G20 Finance Ministers’ session on the Global Economy
Remarks by Angel Gurría,
Hangzhou, China, Sunday 4 September 2016
(As prepared for delivery)
Ministers, colleagues, ladies and gentlemen,
The global economy remains stuck in a low-growth trap
Over the summer, the news has been mixed with some better news from Brazil and Russia on the back of higher commodity prices and the positive impact of stimulus here in China. On the other hand, growth has disappointed in some large advanced economies and because of Brexit, growth in the UK will slow significantly - despite the welcome actions taken by the Bank of England.
OECD’s Interim Economic Outlook is largely unchanged with global GDP growth of around 3% this year – the same as last year – and only a moderate improvement, if at all, for 2017.
In short, we remain stuck in the low-growth trap of slow investment, trade, wage and productivity growth – as I mentioned recently in Chengdu.
Today’s low interest rates are not sustainable
It is striking that this mediocre performance occurs with interest rates at their lowest ever. Even with long horizons, yields are often extraordinarily low, leaving 14 trillion dollars of government trading at negative yields, almost 40% of the total outstanding in the OECD.
This is not sustainable!
Interest rates could rise significantly, triggering turbulence in financial markets across all asset classes: bonds, equities, as well as real estate. And by remaining this low, they will be harmful to the fabric of many of our financial and social institutions, for instance those designed to support long-term savings – including for retirement.
Fiscal and structural policies to escape the trap
How do we get out of the low growth - low interest rate trap?
The G20 has agreed to use all available policy tools to boost growth, including fiscal and structural, which would create the conditions for more normal interest rates.
On fiscal policy, many countries are heeding the call to boost public investment. As part of the Hangzhou Action Plan, the United States raised federal budget spending authority by USD 111 billion for 2016 and 2017 to support near-term demand. China will make a central government investment of 500 billion yuan in 2016 to support priority areas. Japan has formulated an economic stimulus package with a fiscal component representing 2.6% of its GDP.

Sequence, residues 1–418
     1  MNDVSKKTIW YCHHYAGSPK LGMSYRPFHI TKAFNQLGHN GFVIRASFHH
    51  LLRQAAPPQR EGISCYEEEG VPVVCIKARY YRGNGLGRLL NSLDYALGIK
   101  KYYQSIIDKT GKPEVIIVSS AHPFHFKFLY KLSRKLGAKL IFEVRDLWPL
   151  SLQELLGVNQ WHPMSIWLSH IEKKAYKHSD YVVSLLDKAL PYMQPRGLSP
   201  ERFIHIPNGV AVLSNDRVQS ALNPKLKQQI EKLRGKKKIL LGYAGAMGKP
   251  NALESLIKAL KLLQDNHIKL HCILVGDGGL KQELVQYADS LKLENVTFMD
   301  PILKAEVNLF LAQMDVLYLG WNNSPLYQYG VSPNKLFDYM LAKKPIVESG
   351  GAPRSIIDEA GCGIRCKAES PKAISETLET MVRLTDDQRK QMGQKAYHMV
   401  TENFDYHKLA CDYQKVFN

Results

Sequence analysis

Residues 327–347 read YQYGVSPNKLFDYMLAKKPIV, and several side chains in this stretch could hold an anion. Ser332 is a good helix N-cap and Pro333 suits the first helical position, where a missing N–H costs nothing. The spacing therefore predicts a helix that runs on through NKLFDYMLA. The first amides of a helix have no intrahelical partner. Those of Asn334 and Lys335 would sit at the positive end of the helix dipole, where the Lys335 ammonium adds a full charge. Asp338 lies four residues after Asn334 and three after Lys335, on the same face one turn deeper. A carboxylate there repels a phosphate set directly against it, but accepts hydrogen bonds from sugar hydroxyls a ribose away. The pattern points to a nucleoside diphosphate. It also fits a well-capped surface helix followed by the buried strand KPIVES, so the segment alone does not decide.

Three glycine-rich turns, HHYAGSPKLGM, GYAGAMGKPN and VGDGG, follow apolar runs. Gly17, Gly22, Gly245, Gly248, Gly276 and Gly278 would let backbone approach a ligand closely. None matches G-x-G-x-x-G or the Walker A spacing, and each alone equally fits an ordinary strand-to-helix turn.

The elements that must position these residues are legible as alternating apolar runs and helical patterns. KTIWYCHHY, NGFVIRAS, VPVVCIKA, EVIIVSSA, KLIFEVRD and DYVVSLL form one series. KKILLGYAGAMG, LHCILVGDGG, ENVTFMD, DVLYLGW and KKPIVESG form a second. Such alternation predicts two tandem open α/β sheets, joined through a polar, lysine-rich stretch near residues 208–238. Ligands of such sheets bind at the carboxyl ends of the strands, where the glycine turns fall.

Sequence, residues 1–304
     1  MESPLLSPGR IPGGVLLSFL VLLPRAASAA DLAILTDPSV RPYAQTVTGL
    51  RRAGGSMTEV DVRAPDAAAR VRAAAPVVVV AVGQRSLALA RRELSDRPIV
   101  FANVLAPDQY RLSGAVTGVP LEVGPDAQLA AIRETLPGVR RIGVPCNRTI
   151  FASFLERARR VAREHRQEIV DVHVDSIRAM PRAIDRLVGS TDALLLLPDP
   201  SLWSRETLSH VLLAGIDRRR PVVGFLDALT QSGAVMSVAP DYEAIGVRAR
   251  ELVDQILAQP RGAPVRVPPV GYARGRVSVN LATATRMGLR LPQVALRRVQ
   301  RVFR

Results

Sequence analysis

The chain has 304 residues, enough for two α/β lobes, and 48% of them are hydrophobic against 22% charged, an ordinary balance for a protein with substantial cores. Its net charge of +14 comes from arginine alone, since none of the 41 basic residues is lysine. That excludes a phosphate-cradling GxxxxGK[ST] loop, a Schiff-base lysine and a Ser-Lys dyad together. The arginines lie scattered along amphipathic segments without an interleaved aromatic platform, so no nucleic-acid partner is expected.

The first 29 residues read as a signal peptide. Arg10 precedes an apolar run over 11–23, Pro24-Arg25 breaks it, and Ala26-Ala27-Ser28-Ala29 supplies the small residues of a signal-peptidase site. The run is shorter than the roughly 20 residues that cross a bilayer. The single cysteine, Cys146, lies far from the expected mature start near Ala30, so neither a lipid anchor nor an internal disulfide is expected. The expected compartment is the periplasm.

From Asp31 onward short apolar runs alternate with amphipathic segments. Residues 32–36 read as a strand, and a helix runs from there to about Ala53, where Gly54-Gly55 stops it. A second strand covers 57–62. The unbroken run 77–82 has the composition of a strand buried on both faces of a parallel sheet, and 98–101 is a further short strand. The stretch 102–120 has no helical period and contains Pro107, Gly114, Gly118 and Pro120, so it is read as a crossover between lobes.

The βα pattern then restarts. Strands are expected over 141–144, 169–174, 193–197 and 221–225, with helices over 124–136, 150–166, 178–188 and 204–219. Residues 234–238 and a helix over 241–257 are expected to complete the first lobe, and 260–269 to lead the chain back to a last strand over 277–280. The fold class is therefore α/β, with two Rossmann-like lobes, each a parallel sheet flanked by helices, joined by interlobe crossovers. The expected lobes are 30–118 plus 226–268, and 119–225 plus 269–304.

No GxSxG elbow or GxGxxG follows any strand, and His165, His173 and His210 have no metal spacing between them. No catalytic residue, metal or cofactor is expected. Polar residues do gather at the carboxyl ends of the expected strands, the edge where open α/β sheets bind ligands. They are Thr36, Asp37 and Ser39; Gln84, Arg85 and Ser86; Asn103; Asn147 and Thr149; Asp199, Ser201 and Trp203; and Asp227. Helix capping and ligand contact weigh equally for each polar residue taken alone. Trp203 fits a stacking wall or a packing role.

However, others – notably in the Euro area – need to do more. With low interest rates, fiscal space has increased and a collective increase in public investment spending would actually improve, rather than weaken, debt sustainability by lowering the debt-to-GDP ratio.
The suite of structural reforms in promoting product market competition, labour mobility and financial market robustness are critical to create an environment conducive to innovation – a priority of the Presidency – which would in turn help kick start productivity gains and bolster long-term growth.
In this regard, the IMF-OECD assessment is mixed: measures implemented so far will add around 1% to G-20 GDP by 2018, still far from the 2% target agreed in Brisbane. Certainly, new measures are set out in your updated growth strategies that will help achieve a better outcome by then. But let’s not forget that half of the Brisbane commitments remain to be fully implemented while the actual pace of structural reform in G20 countries is slowing. More than ever, “implementation, implementation AND implementation” will be key to success - and the OECD looks forward to reporting back in 2017 on the Enhanced Structural Reform Agenda developed this year.
Structural policies must be complemented by additional measures to promote inclusive growth. They are essential to break the toxic feedback loop between rising inequalities and slowing productivity. The Hangzhou Action Plan outlines several initiatives. Canada is increasing the guaranteed income supplement for senior citizens, India is introducing a health insurance scheme to protect one-third of the country’s populations and Turkey has increased the minimum wage by 30%.
Getting ahead of the curve
Policy action is moving in the right direction, but we can only escape the self-reinforcing low-growth trap by meeting the aims of the Hangzhou Action Plan to forge a path towards strong, sustainable, balanced and inclusive growth.